The taxpayer sought a redetermination on the ground that the cancellations were exempt gifts and that it was not enriched beyond the tax advantages gained by the deductions in former tax returns. The Board of Tax

Page 325

Appeals found that the cancellations were not gifts, concluded that the tax benefits in dollars obtained by the deductions of former years did not limit the 1937 tax springing from the cancellation and affirmed the Commissioner's determination of deficiency. American Dental Co. v. Commissioner of Internal Revenue, 44 B.T.A. 425. The Court of Appeals reversed on the ground that the cancellations constituted exempt gifts. 7 Cir., 128 F.2d 254. On account of a variety of views in the circuits as to the taxability of similar adjustments of indebtedness, we granted certiorari.2 317 U.S. 612, 63 S.Ct. 59, 87 L.Ed. —-.

The applicable statutory provisions are Section 22(a) and (b)(3) of the Revenue Act of 1936.3 The general definition of gross income has varied little in the successive revenue acts, and, from the earliest, gifts have been excluded by substantially identical statutory language. Act of October 3, 1913, 38 Stat. 166. The Treasury Department Regulations 94, relating to the Revenue Act of 1936,

Page 326

Art. 22(a)-14, covered cancellation of indebtedness.4 This regulation first appeared in Regulations 86 under the 1934 Act. It marked a change in the Treasury's concept of the tax effect of debt forgiveness. The old article as it appeared in Regulations 77, relating to the 1932 act, read in part:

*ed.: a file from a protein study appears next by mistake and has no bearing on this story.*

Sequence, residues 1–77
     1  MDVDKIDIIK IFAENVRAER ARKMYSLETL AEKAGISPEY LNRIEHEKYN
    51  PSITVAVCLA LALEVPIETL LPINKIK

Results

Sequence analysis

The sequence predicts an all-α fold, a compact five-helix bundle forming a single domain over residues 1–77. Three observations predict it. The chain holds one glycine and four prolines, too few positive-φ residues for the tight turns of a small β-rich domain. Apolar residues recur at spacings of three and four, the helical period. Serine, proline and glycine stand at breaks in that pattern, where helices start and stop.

'If, however, a creditor merely desires to benefit a debtor and without any consideration therefor cancels the debt, the amount of the debt is a gift from the creditor to the debtor and need not be included in the latter's gross income.'5

Page 327

The same language appeared in the former Regulations.6

In fields closely related to the cancellation of indebtedness which we are considering here, this Court has treated gains in net assets as income. In United States v. Kirby Lumber Co., 284 U.S. 1, 52 S.Ct. 4, 76 L.Ed. 131, the taxpayer purchased its own bonds at a discount. It was held taxable on the increase in net assets which resulted.7 This holding was confirmed by Helvering v. American Chicle Co., 291 U.S. 426, 54 S.Ct. 460, 78 L.Ed. 891. See, also, Commissioner v. Coastwise Transp. Corp., 1 Cir., 71 F.2d 104. Forfeiture or surrender of a lease by which the lessor gains property or money makes such gain taxable. Helvering v. Bruun, 309 U.S. 461, 60 S.Ct. 631, 84 L.Ed. 864; Hort v. Commissioner, 313 U.S. 28, 61 S.Ct. 757, 85 L.Ed. 1168. The narrow line between taxable bonuses and tax free gifts is illuminated by Bogardus v. Commissioner, 302 U.S. 34, 58 S.Ct. 61, 82 L.Ed. 32, on the one side and upon the other by Noel v. Parrott, 4 Cir., 15 F.2d 669, as approved in Old Colony Trust Co. v. Commissioner, 279 U.S. 716, 730, 49 S.Ct. 499, 504, 73 L.Ed. 918.